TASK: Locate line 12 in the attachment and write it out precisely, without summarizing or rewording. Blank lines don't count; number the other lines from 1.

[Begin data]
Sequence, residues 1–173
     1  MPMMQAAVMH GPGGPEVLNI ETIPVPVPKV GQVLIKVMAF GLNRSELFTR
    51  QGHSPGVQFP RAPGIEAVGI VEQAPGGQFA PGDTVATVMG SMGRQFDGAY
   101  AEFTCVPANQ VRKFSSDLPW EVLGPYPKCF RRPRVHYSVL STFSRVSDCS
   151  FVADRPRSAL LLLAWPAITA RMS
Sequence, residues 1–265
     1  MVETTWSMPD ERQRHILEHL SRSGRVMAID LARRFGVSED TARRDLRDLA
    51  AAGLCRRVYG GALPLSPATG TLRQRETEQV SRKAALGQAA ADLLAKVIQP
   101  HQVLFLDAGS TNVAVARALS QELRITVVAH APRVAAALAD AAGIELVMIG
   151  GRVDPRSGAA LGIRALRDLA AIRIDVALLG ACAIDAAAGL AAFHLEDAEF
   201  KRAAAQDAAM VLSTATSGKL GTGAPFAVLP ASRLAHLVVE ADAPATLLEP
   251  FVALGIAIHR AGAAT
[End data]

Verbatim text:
   251  FVALGIAIHR AGAAT